Circled around fold out chairs I squeezed
his hand at the end of the Lord’s Prayer.
I wanted to give him something to believe
in deeper than the creed. I wasn’t prepared
for him to go back to selling out of his car
or even further back to living broken, alone.
After hours, I smell him cooking in the park
on the edge of a cot stoking a city of homes.
Off the grid, unannounced, more elbow room
to move around. There are whispers of his needs.
By morning the city finds traces of him, spoons,
rosaries, wax envelopes all down the streets.
Predawn sauna of summer, his crown of dreads,
in the mangled butternut tree roots, body and bread.
Meaghan Quinn is an Assistant Poetry Editor for The Tishman Review. She holds an MFA from the Writing Seminars at Bennington College. She was nominated for Best New Poets 2015 and a 2015 Pushcart Prize and was a recipient of the Nancy Penn Holsenbeck Prize. Her poems are forthcoming or have been published in Heartwood, 2River, Adrienne, Triggerfish, Free State Review, and other journals.
I beg the counselor
to help me return
to avoidance, but he
says I need to be
out in the crimson
pool of people,
that things get worse
before they get breathing
and I open my eyes
in the rivered room,
its throat of night,
and beg myself
to leave the doom-
birthdays of boot
camp and realize
fully that family
exists in rooms
I turn on
Ron Riekki wrote U.P.: a novel (Sewanee Writers Series and Great Michigan Read nominated) and edited The Way North: Collected Upper Peninsula New Works (2014 Michigan Notable Book from the Library of Michigan and finalist for the Eric Hoffer Book Award/Grand Prize shortlist, Midwest Book Award, Foreword Book of the Year, and Next Generation Indie Book Award), Here: Women Writing on Michigan’s Upper Peninsula (2016 IPPY/Independent Publisher Book Award Gold Medal Great Lakes—Best Regional Fiction and Next Generation Indie Book Award—Short Story finalist), and And Here: 100 Years of Upper Peninsula Writing, 1917-2017 (Michigan State University Press, 2017).
I could have stood there all night staring at the Torah ark in your bedroom
looking for clues to the future a disclosure but the relic was a relic adorned
with Christmas lights in a semi-legal living space on Ludlow Street its wisdom
not for me falling in love was like being on the verge of an accident I had kept
to myself for so long often losing in order to falling in love was like being
shut out of ideas a delectable trap disclosure also often an accident
The future says our nine-year old son
is a parallel universe we are driving
down a tree-lined street Did they keep wood from Jesus’s cross?
he wants to know No I say There were fingerprints on it, I bet he says Yes
Tina Cane is the founder and director of Writers-in-the-Schools, RI and is an instructor with the writing community, Frequency Providence. Her poems and translations have appeared in numerous publications, including The Literary Review, Two Serious Ladies, Tupelo Quarterly Jubliat and The Common. She is the author of The Fifth Thought (Other Painters Press, 2008), Dear Elena: Letters for Elena Ferrante, poems with art by Esther Solondz (Skillman Avenue Press, 2016) and Once More With Feeling (Veliz Books, 2017). In 2016, Tina received the Fellowship Merit Award in Poetry from the Rhode Island State Council on the Arts. She currently serves as the Poet Laureate of Rhode Island, where she lives with her husband and their three children.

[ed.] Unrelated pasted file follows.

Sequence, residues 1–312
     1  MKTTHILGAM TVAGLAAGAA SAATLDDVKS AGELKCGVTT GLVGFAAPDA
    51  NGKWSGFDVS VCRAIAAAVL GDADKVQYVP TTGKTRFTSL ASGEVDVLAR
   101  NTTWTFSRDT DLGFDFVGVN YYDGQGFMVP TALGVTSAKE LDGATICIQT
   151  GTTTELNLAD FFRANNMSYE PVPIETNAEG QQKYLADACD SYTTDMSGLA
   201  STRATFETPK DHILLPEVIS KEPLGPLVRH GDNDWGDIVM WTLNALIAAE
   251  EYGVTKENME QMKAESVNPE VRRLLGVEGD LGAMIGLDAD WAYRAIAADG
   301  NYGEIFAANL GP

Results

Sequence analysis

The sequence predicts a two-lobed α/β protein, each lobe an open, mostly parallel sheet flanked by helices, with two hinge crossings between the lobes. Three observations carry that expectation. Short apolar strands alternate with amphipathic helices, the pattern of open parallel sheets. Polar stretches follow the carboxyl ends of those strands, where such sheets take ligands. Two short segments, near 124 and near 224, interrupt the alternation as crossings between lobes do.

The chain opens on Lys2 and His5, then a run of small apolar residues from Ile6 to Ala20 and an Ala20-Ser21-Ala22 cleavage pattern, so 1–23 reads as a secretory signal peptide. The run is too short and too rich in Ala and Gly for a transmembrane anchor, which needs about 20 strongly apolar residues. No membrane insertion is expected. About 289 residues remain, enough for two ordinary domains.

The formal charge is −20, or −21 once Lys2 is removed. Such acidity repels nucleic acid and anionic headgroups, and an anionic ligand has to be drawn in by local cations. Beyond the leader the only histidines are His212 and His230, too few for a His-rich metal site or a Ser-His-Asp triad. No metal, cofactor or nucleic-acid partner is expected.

She wakes to the back-hand slap
of rain against the double pane
and a dream that she can’t shake.
After coffee and a shower
it hangs a delicate chain
around her neck.
Across town he rubs his neck
a white knuckled dream slaps
cold metal chains
around his wrists, painfully
they ache. In the shower
steam rises, but he is shaking.
Outside puddles’ oily spills shake
the city awake by the scruff of its neck,
while a neighbor half asleep showers
her white blouse with coffee, slaps
her oldest child. Pain
sparks up her arm like a cold chain.
In another house, the first fight: the chains
of marriage begin to shake
the dream awake. A pained
morning commute replaces nights necking
in his father’s car. They feel the wet slap
of the day’s showers.
Upstairs, recovering from chemo, in the shower
she slips; he catches her. Nothing changes
the past, but here is the sure slap
of his calloused feet shaking
the floor to reach her–his soft kiss on her neck
forgives him, soft cools her pain.
At the flooded intersection, a car at breakneck
speed crashes. Metal showers the morning’s pane,
slaps the world awake. Everything shakes, changes.
Rebekah Keaton’s poems have appeared in various online and print journals, including recently in The Dying Dahlia, PoemMemoirStory, The Healing Muse, Rust+Moth and Common Ground Review.
Dear mother hen
I dreamt you’re now gold-plated
I dreamt you’re now a nanny
in heaven’s nursery
as you had done back here
there’d be no sweeter song to your soul
than the chirps of those tender lights
did the choirmaster make it to heaven
whose fiery voice
spurred weaklings to dare death
and melted iron hearts to tears
is our rich uncle smouldering in hell
who embarned tons of grains for thankless weevils
while you and I scavenged for crumbs
as you rode down the ever-busy new road
did you pause by the crossroad
to peep down the old alleyway
now overgrown by tall grass and spider web
did you spot our famished Patriarchs
costumed in sackcloth and ash
grieving our marriage to new Gods
who brook no rival, being jealous
Ekweremadu Uchenna-Franklin writes from Kaduna, Nigeria. He was Longlisted for the Erbacce Prize For Poetry 2015; he was the First Runner-up for PEN Nigeria/Saraba Magazine Poetry Prize 2011, and made it to the Book of Winners, Castello di Duino International Poetry Competition 2010. His works have appeared in Coe Review, The Write Room, Saraba Magazine, Wilderness House Literary, A&U American AIDS Magazine, Kalahari Review and elsewhere.